We briefly review problems in understanding the temporal and spatial distribution of shell-tempered pottery in prehistoric eastern North American, drawing on evidence provided by other papers in this issue of Southeastern Archaeology. Many problems are chronological: When did shell-tempered pottery first appear, when did it rise to high frequencies, and how fast did it replace earlier pottery tempered with other materials? Direct dating of ceramics is required to address these questions. Difficulties with chronology aside, the largest challenge is in understanding why shell-tempered pottery achieved the popularity it did. Both historical and functional explanations are considered: Can migration or diffusion account for its appearance in different areas? Can the selective value of shell-tempered pottery be determined? How has shell's unique firing requirements limited its distribution?
The impetus for the series of papers that appear in this issue of Southeastern Archaeology is an article about shell-tempered pottery recently published by the senior author (Feathers 2006). In doing the research for that article, it became apparent that little information about the spatial and temporal distribution of shell-tempered pottery in Eastern North America was readily available in the published literature; much of what exists is confined to the "gray" literature of cultural mitigation reports or to state newsletters and journals of limited circulation. A major deficiency therefore in the paper's attempt to understand why shell-tempered pottery appears when and where it does was a lack of knowledge about precisely what was to be explained. To begin rectifying this situation, we organized a poster session at the 2007 Society for American Archaeology meetings in Austin, inviting archaeologists who work in the Eastern Woodlands to discuss the origin and spread of shell-tempered pottery in the particular region in which they work. The resulting appreciation for the complexity of the issue should be readily apparent to all who read these papers.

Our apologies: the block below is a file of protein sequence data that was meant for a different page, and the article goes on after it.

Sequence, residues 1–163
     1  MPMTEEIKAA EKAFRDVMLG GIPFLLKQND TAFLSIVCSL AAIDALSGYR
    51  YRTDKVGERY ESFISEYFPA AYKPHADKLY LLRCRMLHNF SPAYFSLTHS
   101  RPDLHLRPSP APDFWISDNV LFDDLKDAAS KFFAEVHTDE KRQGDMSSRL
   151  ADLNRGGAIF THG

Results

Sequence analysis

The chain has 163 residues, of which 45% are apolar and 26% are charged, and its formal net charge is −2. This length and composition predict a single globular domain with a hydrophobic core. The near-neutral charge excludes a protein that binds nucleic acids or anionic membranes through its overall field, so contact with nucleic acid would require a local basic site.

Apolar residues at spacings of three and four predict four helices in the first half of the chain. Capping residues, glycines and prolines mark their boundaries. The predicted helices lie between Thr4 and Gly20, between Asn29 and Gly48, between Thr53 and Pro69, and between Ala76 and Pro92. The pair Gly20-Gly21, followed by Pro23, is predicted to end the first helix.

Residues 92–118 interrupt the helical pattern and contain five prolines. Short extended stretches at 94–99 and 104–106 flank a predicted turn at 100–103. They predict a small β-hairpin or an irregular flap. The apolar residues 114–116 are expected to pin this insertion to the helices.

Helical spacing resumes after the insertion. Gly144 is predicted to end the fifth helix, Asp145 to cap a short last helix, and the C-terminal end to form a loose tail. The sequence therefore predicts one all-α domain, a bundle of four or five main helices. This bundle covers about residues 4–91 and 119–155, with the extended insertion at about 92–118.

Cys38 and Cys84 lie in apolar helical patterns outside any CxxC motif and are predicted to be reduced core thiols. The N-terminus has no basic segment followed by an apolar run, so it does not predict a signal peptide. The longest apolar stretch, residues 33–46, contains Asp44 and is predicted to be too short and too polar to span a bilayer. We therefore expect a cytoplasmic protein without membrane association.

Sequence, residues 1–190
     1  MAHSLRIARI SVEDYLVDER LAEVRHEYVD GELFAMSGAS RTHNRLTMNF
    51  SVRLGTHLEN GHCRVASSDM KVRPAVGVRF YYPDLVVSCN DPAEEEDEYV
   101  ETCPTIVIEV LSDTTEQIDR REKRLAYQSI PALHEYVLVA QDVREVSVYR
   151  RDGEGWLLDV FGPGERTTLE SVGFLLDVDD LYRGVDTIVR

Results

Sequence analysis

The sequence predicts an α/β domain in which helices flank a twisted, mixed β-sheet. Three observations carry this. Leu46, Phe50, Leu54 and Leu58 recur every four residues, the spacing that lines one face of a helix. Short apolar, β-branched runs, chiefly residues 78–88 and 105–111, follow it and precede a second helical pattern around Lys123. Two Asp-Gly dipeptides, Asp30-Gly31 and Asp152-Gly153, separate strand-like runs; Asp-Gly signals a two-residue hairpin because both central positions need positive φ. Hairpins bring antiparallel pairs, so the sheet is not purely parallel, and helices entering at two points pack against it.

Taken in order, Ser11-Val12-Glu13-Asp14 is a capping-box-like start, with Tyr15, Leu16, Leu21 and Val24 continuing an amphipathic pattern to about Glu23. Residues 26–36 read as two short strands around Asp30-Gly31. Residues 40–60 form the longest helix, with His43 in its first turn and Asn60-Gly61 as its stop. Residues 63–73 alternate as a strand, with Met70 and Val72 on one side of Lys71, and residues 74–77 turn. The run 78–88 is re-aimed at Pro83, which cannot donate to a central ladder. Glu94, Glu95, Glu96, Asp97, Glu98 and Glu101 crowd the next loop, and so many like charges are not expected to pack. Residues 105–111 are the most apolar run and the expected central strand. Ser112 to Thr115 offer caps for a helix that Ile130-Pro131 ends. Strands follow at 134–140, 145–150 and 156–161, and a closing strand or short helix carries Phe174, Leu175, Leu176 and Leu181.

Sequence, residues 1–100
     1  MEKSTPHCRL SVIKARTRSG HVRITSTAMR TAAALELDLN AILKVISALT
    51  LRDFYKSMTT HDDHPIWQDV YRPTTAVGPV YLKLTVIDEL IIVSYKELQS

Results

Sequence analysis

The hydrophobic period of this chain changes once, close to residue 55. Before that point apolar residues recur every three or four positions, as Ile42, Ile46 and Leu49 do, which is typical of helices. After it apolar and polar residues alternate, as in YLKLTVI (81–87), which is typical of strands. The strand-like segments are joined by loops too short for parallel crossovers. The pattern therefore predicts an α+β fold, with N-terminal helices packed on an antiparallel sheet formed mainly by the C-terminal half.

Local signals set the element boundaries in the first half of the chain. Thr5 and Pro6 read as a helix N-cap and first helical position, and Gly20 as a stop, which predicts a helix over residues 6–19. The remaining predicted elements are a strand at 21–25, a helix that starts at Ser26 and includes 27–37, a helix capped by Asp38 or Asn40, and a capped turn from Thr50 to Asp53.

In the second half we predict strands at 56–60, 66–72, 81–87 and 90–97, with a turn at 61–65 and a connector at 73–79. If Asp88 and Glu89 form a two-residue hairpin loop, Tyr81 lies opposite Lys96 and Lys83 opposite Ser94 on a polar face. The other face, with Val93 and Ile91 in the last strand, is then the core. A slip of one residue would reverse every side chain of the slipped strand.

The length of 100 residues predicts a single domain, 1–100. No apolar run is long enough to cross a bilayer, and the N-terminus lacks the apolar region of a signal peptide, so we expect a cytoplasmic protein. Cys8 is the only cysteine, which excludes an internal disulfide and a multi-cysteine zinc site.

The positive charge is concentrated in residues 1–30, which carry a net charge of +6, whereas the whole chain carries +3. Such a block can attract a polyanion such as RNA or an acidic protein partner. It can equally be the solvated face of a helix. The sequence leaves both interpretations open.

Scholarly interest in shell-tempered pottery began with the first European observers of surviving native potters (Swanton 1946). These early witnesses marveled at the fine pottery that was produced despite what appeared to be relatively low firing temperature (some questioned whether it was fired at all, e.g., Potter 1880). Explanations for the use of shell as temper were published as early as Hohnes (1903), but the realization of the temporal significance of shell-tempered pottery did not materialize until the 1930s when various seriation and stratigraphie works across the Midwest and Southeast placed shell-tempered pottery chronologically late. It was concentrated in the highest stratigraphie levels and often was associated with historic artifacts. Application of the Midwestern Taxonomic System and similar classifications (Deuel 1937; McKern 1939) elevated shell-tempered pottery to the status of diagnostic of the late prehistoric period (roughly after 900 A.D.). It has thus been used as a chronological marker when no other dating has been available. Its apparent association with sedentary maize agriculturalists led to its inclusion as a characteristic trait of what became known as "Mississippian." This early categorization of shell-tempered pottery, however, proved premature. More recent work suggests that shell tempering dates far earlier than the late prehistoric period, and that not all maize agriculturalists used shell tempered pottery nor was all shelltempered pottery made by agriculturalists.
In this essay, we briefly review some of the issues concerning shell-tempered pottery in the Eastern Woodlands, drawing from the evidence provided by the papers in this volume.
Three papers document examples of early shelltempered pottery, appearing in the Ozarks by A.D. 500 (Sabo and Hilliard, this issue), in the upper Mississippi River Valley between A. …